Head and Neck Surgery
The Department of Otorhinolaryngology-Head and Neck Surgery has an integrative research program designed to address the needs of the head and neck cancer patient now and for years to come. This effort utilizes a team approach and involves scientists from a variety of disciplines including otolaryngology-head and neck surgery, radiation oncology, hematology-oncology, immunology, and molecular medicine. The program is divided into three key components:
- basic science,
- translational research, and
- organ preservation
The goals of this program are to enhance the quality of life and improve the possibility for cure while maintaining the dignity and respect that each of our patients so readily deserves.
Developing innovative therapy for the future
The basic science component of head and neck research is located in the Guggenheim Building. This initiative is aimed at the identification of a novel group of proteins, termed co-stimulatory molecules, which play an important role in the body’s immune response to cancer. The function of these co-stimulatory molecules is defined using molecular medicine techniques. These molecules are then tested in a variety of animal tumor models as a means to define their potential utility for the treatment of human head and neck cancers.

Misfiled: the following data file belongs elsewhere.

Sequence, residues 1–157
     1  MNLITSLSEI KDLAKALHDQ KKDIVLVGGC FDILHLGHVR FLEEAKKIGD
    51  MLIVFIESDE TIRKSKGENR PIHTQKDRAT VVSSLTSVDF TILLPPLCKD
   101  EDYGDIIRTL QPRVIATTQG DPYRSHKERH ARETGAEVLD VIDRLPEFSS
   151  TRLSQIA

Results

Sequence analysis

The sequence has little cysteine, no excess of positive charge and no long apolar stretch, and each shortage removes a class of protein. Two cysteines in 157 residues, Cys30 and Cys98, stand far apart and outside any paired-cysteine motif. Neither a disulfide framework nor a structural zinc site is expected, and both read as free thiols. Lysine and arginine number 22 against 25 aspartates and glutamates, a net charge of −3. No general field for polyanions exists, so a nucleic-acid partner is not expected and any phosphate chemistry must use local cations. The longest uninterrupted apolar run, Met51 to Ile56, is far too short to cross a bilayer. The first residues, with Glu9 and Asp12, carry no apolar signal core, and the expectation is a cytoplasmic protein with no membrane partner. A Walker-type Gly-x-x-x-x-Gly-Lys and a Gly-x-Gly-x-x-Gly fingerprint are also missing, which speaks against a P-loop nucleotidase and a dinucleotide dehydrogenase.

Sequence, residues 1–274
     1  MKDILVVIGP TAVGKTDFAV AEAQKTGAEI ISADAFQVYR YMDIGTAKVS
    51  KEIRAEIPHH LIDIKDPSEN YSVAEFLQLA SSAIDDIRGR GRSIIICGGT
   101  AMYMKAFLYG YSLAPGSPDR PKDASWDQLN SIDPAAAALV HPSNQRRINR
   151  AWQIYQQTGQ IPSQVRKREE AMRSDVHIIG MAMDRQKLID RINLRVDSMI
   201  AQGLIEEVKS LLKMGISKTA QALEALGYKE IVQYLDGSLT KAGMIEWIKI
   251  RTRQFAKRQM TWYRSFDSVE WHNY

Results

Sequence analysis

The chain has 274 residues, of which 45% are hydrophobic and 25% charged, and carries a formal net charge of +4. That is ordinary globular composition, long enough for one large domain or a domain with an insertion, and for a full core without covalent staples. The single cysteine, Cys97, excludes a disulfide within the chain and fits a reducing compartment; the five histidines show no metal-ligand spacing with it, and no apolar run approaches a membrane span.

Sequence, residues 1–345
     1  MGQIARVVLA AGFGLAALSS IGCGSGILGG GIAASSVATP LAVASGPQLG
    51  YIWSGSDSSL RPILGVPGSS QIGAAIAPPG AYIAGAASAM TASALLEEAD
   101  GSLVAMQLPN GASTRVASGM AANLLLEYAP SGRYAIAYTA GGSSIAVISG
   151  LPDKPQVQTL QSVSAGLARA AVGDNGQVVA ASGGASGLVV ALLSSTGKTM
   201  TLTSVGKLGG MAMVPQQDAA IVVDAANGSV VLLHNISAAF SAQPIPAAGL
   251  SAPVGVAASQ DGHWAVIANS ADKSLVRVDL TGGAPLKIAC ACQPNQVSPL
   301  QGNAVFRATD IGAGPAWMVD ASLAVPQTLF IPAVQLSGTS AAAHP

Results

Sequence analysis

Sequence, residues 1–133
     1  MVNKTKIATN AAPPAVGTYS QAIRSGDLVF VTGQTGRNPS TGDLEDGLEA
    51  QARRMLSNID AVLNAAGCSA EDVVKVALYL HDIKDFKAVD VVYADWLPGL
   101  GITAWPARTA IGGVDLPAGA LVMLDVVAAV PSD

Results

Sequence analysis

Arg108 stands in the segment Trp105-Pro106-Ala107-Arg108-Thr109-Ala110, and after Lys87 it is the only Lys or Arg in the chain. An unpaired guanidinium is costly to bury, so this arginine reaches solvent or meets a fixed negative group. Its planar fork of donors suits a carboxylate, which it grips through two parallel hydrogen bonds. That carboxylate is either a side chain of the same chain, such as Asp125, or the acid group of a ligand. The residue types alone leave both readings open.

Bringing the laboratory to the clinic
The translational component is founded on a treatment strategy termed adoptive immunotherapy, where the body’s own antitumor immune response is harnessed, and used for specific cancer therapy. Specifically, tumor reactive white blood cells, termed leukocytes, are removed from an individual cancer patient, stimulated in the laboratory to enhance their therapeutic efficacy, and given back to the patient to treat established disease. In this way, we hope to offer a prolonged survival and even cure for patients suffering from advanced head and neck cancer.
Organ preservation approach
Attempting to better serve our patient’s needs
Quality of life considerations are one of the most important elements in defining a treatment plan for each cancer patient. Our group has developed a non-surgical approach for the treatment of advanced cancer, which offers the potential for improved speech, swallowing and cosmesis. This treatment strategy employs the concomitant use of intra-arterial chemotherapy and radiation therapy, with surgery reserved for treatment failures. An important component of this trial is quality of life analysis, to determine if this treatment is better serving our patients needs, and laboratory analysis to identify patients likely to respond to this form of therapy. While this trial is not suited for everyone, it offers many patients a treatment alternative.